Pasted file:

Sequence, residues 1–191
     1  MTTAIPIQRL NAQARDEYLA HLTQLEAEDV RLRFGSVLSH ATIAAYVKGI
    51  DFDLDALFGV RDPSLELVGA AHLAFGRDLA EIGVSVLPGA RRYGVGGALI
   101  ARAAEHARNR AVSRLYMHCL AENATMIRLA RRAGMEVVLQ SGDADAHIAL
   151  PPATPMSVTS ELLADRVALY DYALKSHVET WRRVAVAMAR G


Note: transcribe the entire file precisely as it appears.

Sequence, residues 1–191
     1  MTTAIPIQRL NAQARDEYLA HLTQLEAEDV RLRFGSVLSH ATIAAYVKGI
    51  DFDLDALFGV RDPSLELVGA AHLAFGRDLA EIGVSVLPGA RRYGVGGALI
   101  ARAAEHARNR AVSRLYMHCL AENATMIRLA RRAGMEVVLQ SGDADAHIAL
   151  PPATPMSVTS ELLADRVALY DYALKSHVET WRRVAVAMAR G